During the lifting operations, commercial vessel traffic may be restricted from navigating in the vicinity of Cork Dockyard to facilitate safe operations. Vessels navigating in the area must contact Port of Cork Operations on VHF Channel 12 for details of any lifting operations, and associated navigation restrictions.

Once the cargo has been loaded onto the HHL Lago, this cargo shall overhang into the navigation channel.

Vessel Masters & operators are requested to pass HHL Lagos at a minimum safe speed and producing no visible wash for the duration of the HHL Lagos’s stay at Cork Dockyard.

Furthermore, vessels are requested to keep a sharp lookout for any potential overhangs and obstructions from the HHL Lagos, and to closely monitor VHF Channel 12 at all times for information updates.

Published in Port of Cork

Combined total traffic through the Port of Cork and Bantry Bay Port Company reached 10.3 million tonnes in 2017, a very good increase of 8.6% compared to 2016. Total imports increased by 6.4% while exports increased by 12.3%. The Port of Cork total container volumes through both Tivoli and Ringaskiddy Container Terminals grew by 3.7% compared to 2016 figures, with a total of 217,763 TEU’s handled in 2017.

Oil traffic, predominantly handled through Whitegate Oil Refinery now owned by Canadian company Irving Oil, saw an increase of 2%. Trade in dry bulk cargos such as animal feed, fertilisers and cereals saw increases throughout the year.

In 2017 the Port of Cork handled 68 cruise liners bringing over 140,000 passengers and crew to the region, while in Bantry Bay five cruise liners visited the harbour, with MV Prinsendam making her maiden call to Bantry, the first liner to do so in 30 years.

Brendan Keating, Chief Executive said: ‘We are encouraged by the increase in trade traffic through the Port of Cork and Bantry Bay Port in 2017. An 8.6% increase in total trade traffic shows the positivity in the markets which were showing a marginal decrease in 2016. We are particularly encouraged by the growth in container traffic through both Tivoli and Ringaskiddy which increased by 3.7%. This increase is a clear indication that consumer markets are beginning to open up with both imports and exports on the rise through Cork.’

He continued: ‘In 2017 the Port of Cork saw over 34,000 trade vehicles imported through Cork. The trade car market is very important for Cork, however unfortunately we saw some decreases in the volume of cars imported. With regards to tourism, the Port of Cork had a very positive year with 68 cruise liners calling bringing over 142,000 passengers and crew to visit the Munster region. Furthermore, in 2017, for the second year running, Cobh was named the second Best Cruise Destination in the British Isles & Western Europe in the Cruise Critic Cruisers’ Choice Destination Awards, a further endorsement of our cruise business.’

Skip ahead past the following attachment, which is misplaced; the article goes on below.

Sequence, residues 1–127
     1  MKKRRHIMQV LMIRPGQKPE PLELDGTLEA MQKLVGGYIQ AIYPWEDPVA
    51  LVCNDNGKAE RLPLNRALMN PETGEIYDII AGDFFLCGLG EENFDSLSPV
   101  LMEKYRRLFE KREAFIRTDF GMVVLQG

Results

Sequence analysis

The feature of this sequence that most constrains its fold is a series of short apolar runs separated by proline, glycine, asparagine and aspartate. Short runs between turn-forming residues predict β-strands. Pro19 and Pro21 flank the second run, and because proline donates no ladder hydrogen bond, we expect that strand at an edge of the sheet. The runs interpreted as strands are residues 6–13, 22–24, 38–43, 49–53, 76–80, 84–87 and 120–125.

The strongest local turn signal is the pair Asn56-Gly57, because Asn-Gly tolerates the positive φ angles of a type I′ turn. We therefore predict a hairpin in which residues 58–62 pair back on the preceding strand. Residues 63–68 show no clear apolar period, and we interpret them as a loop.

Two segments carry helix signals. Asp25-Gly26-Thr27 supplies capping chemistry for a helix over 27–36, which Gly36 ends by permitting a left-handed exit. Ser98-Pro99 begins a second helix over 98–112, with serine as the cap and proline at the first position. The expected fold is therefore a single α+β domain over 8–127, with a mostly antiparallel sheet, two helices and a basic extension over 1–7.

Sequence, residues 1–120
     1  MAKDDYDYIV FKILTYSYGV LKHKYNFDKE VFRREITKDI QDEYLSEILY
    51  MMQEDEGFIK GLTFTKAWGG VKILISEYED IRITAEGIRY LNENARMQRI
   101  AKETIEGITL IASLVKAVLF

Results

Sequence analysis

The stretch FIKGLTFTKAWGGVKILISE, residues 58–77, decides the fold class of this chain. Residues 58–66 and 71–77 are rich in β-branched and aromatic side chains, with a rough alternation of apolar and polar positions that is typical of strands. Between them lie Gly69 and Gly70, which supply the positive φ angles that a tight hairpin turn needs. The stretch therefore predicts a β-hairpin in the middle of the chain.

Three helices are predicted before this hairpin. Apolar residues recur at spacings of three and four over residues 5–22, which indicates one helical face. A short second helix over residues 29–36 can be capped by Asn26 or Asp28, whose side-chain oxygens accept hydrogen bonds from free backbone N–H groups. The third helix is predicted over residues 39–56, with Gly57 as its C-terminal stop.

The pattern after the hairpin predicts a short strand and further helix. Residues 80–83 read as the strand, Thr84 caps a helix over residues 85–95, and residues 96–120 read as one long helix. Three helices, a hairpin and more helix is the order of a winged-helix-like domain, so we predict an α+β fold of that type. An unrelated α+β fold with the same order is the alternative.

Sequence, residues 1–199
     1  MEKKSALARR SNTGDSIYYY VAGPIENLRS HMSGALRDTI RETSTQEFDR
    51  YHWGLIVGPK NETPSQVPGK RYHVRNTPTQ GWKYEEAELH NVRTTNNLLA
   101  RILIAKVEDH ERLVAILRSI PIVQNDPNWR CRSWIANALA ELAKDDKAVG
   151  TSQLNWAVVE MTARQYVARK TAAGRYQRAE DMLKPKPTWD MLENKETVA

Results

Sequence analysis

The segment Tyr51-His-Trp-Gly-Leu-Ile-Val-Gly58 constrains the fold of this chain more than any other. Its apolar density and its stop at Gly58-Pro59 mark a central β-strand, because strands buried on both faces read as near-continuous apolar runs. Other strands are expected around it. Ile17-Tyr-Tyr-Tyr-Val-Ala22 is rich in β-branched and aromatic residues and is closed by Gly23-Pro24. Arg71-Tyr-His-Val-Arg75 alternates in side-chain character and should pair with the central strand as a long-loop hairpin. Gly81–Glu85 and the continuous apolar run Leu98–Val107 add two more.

Commenting on Bantry Bay Port Company, Brendan Keating said: ‘In August 2017, we successfully completed and opened Bantry Harbour Marina, part of the inner harbour development. This new sheltered harbour facility will be of great benefit to both commercial and leisure users bringing increased activity to Bantry Harbour and Town. The cruise business has doubled with ten cruise liners expected to call in 2018.’

Following the recent announcement by Brittany Ferries on their new twice weekly Ro-Pax route from Cork to Santander due to commence in April 2018, Mr. Keating said: ‘In 2018 Brittany Ferries celebrate 40 years operating in Ireland and we are very pleased with the announcement of this new route both in terms of tourism and trade. The current weekly route from Cork to Roscoff continues to strengthening with Brittany Ferries carrying over 80,000 passengers in 2017 and we look forward with great optimism to additional passengers availing of Brittany Ferries new service and the second call to Roscoff per week.’

In 2017 the Port of Cork Company signed a Memorandum of Understanding (MOU) with NextDecade Corporation (NASDAQ: NEXT), a U.S.-based Liquefied Natural Gas (LNG) to explore a joint development opportunity for a new Floating Storage Regasification Unit (FSRU) and associated LNG import terminal infrastructure in Cork Harbour 

Mr. Keating said: ‘As an entry point into the Irish energy market, the Port of Cork is an attractive location for an FSRU-based LNG import terminal. Surrounded by existing marine infrastructure and industrial facilities, the proposed site is less than 2 km from Gas Networks Ireland Grid and would benefit from relatively benign and attractive conditions.’

He continued: ‘Discussions are ongoing with the Port of Cork and NEXTDecade, as well as other key industry players, who are supportive of this project and we are excited by the opportunities that this project could present.’

In 2015 An Bord Pleanala granted a 10-year planning permission to Port of Cork for the redevelopment of the existing port facilities at Ringaskiddy and in 2017 An Bord Pleanala granted permission for alterations to the terms of the Ringaskiddy Port Development. The permission will enable the Port to deliver more efficient container handling facilities, replacing the existing container terminal at Tivoli, and securing Cork Container Terminal as an international gateway for trade well into the future. 

Ringaskiddy Port Redevelopment will future proof Cork trade and Port of Cork look forward to the project progressing in 2018.